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Should the grades earned from institutions matter when applying a job?

As most of us know that some companies, organizations and institutions pay much attention to grades of candidates, applicants or students while others think that grades do not determine how applicants are worthy to employ, but their character and other aspects do.
So most of the time students try to earn as high grades as possible ans study for grades.

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    Apr 11 2014: Grades have long been deemed a measure of one's level of understanding and competency in specific areas of knowledge. The only other measure I know of is observation of an individual within that area of knowledge.

    But my experience in post--secondary education was that grades were ALL that mattered to the vast majority of students, while breadth and depth of understanding of any particular subject was often over-looked or even discounted by many. Most students carry workloads and have cost of living concerns that leave little to no time to actually absorb or develop real comprehension of any of the subject material.

    The testing process of students invariably only measure that person's ability to cram for exams, retain enough data to pass the exam, regurgitate that data during the exam and then forget it all in order to cram for the next exam ad nauseam.

    Then there is the problem of cheating, buying papers and gaming the system because it is the piece of paper at the end of the process that actually counts, not the effort or understanding related to the subject.
    • Apr 12 2014: "The testing process of students invariably only measure that person's ability to cram for exams, retain enough data to pass the exam, regurgitate that data during the exam and then forget it all in order to cram for the next exam ad nauseam. "

      You comment and your above statement has spoken the truth.
  • Gail G3

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    Apr 12 2014: That depends on the career. I never focused on high grades. I found (when I was in the position of hiring people) that I found a "C" average far more effective in inter-personal skills. Those with solid "A" were often incapable of putting the book learning to use. This is NOT a hard and fast rule. But, depending on what I was hiring someone for, grades were far less important than anyone ever told me that they would be. Smart, intellectually curious, and more creative are more important to me than grades.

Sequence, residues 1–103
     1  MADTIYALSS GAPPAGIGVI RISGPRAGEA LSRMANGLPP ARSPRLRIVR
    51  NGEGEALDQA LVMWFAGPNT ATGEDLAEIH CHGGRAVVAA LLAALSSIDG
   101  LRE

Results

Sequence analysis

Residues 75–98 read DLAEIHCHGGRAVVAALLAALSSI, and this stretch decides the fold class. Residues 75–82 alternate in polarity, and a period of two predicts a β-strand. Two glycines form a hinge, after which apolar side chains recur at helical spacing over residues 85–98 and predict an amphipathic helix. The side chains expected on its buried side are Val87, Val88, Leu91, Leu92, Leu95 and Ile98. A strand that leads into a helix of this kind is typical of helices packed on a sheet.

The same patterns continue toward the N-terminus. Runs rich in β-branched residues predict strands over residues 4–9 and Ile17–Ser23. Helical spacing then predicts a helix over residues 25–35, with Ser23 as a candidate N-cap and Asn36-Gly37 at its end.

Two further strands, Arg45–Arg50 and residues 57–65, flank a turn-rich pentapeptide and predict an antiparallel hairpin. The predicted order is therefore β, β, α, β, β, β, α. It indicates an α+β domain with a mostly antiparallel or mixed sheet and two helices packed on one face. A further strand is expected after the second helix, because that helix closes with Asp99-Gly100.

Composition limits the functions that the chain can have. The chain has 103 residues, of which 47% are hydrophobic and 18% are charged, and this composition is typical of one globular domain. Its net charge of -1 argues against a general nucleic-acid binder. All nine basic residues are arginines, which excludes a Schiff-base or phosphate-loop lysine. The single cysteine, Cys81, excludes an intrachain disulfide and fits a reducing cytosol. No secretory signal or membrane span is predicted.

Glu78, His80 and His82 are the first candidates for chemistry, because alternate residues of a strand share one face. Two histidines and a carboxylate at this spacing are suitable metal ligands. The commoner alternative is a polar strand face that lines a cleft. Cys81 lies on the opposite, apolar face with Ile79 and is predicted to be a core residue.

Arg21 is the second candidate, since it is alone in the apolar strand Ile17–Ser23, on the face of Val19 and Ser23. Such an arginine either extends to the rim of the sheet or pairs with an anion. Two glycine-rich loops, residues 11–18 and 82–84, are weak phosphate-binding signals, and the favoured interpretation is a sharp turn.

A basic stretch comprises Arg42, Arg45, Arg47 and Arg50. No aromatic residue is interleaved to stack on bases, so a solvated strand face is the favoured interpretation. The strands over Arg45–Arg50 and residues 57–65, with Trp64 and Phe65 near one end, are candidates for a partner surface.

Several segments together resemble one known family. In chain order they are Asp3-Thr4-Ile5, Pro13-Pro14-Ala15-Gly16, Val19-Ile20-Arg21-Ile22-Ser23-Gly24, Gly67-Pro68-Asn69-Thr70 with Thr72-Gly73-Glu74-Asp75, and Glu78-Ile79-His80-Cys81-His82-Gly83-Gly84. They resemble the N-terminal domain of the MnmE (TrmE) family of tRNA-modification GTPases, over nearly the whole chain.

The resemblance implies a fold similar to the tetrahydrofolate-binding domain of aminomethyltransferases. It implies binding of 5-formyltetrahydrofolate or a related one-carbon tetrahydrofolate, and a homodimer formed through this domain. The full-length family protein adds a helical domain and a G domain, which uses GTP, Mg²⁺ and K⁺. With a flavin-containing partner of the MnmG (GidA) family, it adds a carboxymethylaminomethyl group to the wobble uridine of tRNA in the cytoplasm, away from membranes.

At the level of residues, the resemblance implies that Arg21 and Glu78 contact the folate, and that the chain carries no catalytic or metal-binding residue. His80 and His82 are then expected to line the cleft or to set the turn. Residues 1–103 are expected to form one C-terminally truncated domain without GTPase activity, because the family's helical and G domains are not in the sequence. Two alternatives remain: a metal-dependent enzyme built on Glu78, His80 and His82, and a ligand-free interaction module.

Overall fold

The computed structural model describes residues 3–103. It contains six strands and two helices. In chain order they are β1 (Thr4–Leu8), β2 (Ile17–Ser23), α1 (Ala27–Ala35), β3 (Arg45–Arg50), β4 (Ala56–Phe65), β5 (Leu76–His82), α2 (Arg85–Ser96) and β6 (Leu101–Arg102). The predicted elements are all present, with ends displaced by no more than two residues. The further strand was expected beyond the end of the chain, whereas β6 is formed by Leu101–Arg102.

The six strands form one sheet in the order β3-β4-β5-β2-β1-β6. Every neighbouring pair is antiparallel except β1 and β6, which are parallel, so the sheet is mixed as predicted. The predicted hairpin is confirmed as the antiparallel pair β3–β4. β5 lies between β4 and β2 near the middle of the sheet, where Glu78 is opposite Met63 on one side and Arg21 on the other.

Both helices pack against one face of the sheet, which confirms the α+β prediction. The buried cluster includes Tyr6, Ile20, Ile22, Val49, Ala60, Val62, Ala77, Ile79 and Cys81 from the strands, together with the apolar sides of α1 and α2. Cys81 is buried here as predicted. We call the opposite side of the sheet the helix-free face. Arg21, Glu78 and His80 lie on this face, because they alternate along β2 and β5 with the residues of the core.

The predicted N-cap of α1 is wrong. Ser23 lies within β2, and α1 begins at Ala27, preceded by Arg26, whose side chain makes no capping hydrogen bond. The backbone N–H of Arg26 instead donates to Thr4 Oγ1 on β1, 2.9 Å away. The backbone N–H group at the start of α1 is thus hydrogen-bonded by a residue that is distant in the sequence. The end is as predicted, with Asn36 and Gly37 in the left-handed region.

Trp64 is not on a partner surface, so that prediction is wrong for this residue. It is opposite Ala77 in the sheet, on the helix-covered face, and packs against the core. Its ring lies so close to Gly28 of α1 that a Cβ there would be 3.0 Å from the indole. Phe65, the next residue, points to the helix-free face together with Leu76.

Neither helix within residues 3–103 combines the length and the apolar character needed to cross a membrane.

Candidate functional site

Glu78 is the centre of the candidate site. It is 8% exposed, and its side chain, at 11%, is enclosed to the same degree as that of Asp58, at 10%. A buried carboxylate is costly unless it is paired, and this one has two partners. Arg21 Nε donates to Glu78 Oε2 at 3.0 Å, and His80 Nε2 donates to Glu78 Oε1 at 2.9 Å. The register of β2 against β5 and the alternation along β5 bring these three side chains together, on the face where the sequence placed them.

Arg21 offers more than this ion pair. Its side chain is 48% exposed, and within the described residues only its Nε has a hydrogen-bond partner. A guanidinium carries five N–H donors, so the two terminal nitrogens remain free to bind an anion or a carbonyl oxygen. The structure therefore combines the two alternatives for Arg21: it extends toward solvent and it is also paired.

If you want a career in education, then grades are obviously important and social skills not so much.
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    Apr 30 2014: My experience may not be as relative as it is from the late 70's, however, at that time a few major firms who were recruiting at Cal Poly indicated that while grade point average did indeed count, they were just as concerned with the overall person, in terms of past experiences, extra curricular activities, etc. Recently my nephew, 13, was lucky enough to become involved in the International Baccalaureate Organization (IBO) and they stressed that he drop virtually all of his outside interests, including sports. The rationale is that, in their opinion, colleges and universities are now looking for specialization or a limited scope of interest but with high achievement. It would be interesting to hear from those firms, HP, Motorola (now Google owned), etc., to see if this is truly the case.
  • Apr 23 2014: it depends on the kind of job. for example, if you are applying for a job that requires for a great deal of academic knowledge, it's probably a need to have good grades. then again, if you a apply for a job that doesn't require that much of academic knowledge, then your GPA shouldn't really matter. however, that also brings up the debate about your ability to concentrate in school and in your career life.
  • Apr 14 2014: While I do understand that we need some form of measuring ones understanding of a subject, I think that an alternative might be something to consider. Very often grades can be brought down by subjects that are manditory but irrelivent to the actual major.
    Also, a person may very well understand something, but be a horrible test taker.
    It is not that we shouldn't have a way to determine what a student knows, but the current method seems less than accurate.
  • Apr 13 2014: Unfortunately, grades and which institutions you graduated from counts for many companies. I know of several law firms that hire only from Harvard and Yale and they love the editor of the law review. I have hired people with C+ average because of their senior project or what they did in a coop job. In both cases, I had to fight HR. HR always want to follow the rules with no exceptions, i.e. grades, institution, right tech words in their resume, etc.